Excerpts of this article were taken from a rejected 33 1/3 proposal.
“Sleater-Kinney’s aesthetic is not to get up there and be sloppy and go, ‘Whoops, we don’t know how to play.’ We do know how to play.” – Carrie Brownstein, Spin, May 1997
A product of the first-wave riot grrrl movement in Olympia, Washington, Sleater-Kinney grew from the same kind of do-it-yourself spirit that characterized punk rock’s earliest days. But on a musical level, Sleater-Kinney were doing something that not just anyone could do.
On stage, Sleater-Kinney showcased a kind of magnetism and charisma that rarely surfaced in indie rock circles. Plenty of American bands in the ‘90s suffered from either terminal aloofness or a complete unwillingness to actually, y’know, move, yet the three women of Sleater-Kinney brought to their live show an explosive energy more typical of musicians whose names alone could fill stadiums. Tucker’s manic vocals, arresting enough as they were on record, sounded positively superhuman when experienced up close. Carrie Brownstein, a consummate performer, rocked her axe with dazzling theatricality; Pete Townshend-style windmills were almost always a key part of her repertoire. And Janet Weiss maintained a contrast between primal aggression and grace behind the drums, her neatly trimmed bangs blowing in the breeze provided by a small electric fan she kept next to her kit. And amid all the breathless vocal performances and chaotic punk rock storms, Corin Tucker, Brownstein and Weiss pretty much always looked like they were having the time of their lives.
This can’t be emphasized enough. Professionalism, practice and a relentless dedication to perfection can make a band tight, even flawless. With Sleater-Kinney, however, there was something much more. There’s a chemistry that studio rehearsals, alone, can’t create; the synergy between these three women is something that can’t be taught. Watching the band, one truly got the sense that they performed and recorded together for so many years because they truly wanted to. They never succumbed to egotistical flame-outs, eschewed the kind of interpersonal drama that destroyed hundreds of other bands, and saved all of their intensity for the studio and the stage, which is where it mattered most.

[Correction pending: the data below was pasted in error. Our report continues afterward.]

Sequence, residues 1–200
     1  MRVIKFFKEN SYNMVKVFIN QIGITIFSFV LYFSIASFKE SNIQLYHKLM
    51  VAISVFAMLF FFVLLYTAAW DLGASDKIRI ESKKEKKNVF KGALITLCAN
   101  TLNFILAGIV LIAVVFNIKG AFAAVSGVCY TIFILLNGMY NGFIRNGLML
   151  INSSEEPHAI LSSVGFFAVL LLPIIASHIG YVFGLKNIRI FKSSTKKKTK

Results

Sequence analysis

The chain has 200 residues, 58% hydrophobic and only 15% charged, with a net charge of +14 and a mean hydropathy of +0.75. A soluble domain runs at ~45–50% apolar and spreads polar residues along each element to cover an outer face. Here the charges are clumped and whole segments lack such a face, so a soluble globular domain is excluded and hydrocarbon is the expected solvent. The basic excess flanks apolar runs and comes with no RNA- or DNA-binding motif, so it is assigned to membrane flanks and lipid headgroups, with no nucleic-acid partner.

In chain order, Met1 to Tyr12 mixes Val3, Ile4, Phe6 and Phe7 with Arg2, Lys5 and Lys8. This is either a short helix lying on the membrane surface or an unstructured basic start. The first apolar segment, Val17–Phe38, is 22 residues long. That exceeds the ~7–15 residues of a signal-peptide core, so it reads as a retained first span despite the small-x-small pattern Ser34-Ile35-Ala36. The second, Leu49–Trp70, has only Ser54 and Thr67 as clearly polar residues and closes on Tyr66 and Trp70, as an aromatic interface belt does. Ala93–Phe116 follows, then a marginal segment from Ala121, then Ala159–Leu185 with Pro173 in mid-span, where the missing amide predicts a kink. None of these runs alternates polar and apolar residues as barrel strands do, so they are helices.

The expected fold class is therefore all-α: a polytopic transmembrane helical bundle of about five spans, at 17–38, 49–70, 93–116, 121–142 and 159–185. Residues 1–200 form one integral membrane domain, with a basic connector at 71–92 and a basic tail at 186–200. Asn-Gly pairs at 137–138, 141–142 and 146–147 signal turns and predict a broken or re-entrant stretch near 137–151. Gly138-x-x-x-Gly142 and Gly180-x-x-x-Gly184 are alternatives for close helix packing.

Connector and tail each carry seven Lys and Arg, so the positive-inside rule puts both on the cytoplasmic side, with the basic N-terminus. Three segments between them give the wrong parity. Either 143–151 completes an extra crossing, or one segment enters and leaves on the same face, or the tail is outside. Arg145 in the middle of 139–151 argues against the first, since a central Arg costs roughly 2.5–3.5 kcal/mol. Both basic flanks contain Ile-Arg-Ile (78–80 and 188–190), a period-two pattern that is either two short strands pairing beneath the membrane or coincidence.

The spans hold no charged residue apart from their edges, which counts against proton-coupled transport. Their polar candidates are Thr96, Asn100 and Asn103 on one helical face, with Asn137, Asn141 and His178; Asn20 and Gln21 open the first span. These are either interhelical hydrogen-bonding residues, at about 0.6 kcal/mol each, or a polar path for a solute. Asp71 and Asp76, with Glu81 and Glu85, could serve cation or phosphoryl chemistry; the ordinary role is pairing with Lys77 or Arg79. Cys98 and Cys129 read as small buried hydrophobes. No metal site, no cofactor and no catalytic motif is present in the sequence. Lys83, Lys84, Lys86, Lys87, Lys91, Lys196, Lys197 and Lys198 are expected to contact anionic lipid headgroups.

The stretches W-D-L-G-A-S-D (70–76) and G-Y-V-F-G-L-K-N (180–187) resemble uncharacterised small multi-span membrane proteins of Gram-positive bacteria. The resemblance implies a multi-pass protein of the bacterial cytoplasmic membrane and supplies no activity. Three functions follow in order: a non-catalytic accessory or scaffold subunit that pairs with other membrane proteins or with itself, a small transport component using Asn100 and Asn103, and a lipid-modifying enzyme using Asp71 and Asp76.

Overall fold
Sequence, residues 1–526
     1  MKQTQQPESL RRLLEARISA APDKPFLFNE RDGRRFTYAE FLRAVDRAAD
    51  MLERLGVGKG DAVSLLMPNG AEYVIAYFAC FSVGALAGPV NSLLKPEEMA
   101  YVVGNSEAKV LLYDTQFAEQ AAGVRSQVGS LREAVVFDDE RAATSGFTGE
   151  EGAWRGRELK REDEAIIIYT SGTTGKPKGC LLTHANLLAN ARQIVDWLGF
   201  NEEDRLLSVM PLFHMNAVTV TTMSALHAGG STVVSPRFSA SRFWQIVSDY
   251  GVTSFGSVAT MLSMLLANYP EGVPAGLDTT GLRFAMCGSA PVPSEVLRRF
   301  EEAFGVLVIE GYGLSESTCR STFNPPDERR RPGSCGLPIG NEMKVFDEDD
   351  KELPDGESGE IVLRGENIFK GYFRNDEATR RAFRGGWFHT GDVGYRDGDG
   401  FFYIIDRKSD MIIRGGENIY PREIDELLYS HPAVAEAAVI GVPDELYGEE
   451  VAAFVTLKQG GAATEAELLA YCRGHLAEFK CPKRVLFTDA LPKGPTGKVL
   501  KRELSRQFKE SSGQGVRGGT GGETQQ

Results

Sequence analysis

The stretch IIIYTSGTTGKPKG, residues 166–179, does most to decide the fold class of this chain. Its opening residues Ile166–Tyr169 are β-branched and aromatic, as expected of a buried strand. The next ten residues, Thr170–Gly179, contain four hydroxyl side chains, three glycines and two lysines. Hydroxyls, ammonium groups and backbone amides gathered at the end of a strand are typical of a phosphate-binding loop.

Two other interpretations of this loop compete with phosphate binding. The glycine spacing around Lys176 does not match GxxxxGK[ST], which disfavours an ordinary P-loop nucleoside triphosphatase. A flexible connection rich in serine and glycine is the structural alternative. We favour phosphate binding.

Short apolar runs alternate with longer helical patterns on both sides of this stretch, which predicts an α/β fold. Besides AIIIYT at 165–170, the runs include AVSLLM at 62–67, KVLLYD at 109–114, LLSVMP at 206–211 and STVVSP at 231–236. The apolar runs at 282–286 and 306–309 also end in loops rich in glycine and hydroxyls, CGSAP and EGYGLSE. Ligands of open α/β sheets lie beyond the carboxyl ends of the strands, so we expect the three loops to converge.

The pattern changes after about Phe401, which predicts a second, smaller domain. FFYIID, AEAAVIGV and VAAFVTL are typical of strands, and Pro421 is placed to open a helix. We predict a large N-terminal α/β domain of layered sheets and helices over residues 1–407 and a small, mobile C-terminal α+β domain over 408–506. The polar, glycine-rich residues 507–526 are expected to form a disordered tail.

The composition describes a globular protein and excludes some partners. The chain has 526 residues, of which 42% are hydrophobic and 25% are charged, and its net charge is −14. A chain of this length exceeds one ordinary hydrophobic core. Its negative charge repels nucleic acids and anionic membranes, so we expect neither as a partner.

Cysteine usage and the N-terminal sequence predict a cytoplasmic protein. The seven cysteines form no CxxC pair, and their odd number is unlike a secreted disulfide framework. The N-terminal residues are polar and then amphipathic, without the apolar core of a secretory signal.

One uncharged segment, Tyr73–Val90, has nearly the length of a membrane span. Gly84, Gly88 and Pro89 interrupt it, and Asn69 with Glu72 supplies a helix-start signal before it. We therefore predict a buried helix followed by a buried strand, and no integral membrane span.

With Sub Pop releasing a new box set of the band’s discography, titled Start Together, in October, it seemed like the right time to dive into the music that made the band unique — extraordinary, even. We hope that you, in turn, will make your own dive into all seven Sleater-Kinney albums. It’s a journey well worth taking.
Rock ‘n’ Roll Fun
Sleater-Kinney began ostensibly as part of the “riot grrrl” movement in the Pacific Northwest in the 1990s, their earliest songs blending the feminist politics of bands like Bikini Kill with a uniquely artful take on melody that set them apart early on. And there is an early glimmer on Sleater-Kinney’s self-titled debut of what they would soon become, though it wasn’t the same band — not exactly, anyway. Recorded with first drummer Laura McFarlane, the album doesn’t have the same rhythmic intensity as those recorded with longtime drummer Janet Weiss. It would be a couple years until she would become the group’s Keith Moon and John Bonham (sans wrecked hotel rooms), but this is at least a good indication of how much talent the group was packing, even at their most raw.
Now, Sleater-Kinney often tried to distance themselves from being weighed down by the “riot grrrl” tag — which pretty much didn’t even apply within two years — but here, it’s about as close as they came. Sleater-Kinney touches upon topics like rape and sexism on tracks like “How to Play Dead” and “A Real Man,” respectively, and Corin Tucker and Carrie Brownstein attempt a sing-speak-scream cadence closer to Bikini Kill’s Kathleen Hanna than on any of their other albums. But Sleater-Kinney evolved quickly and impressively, as we’d find out just one year later.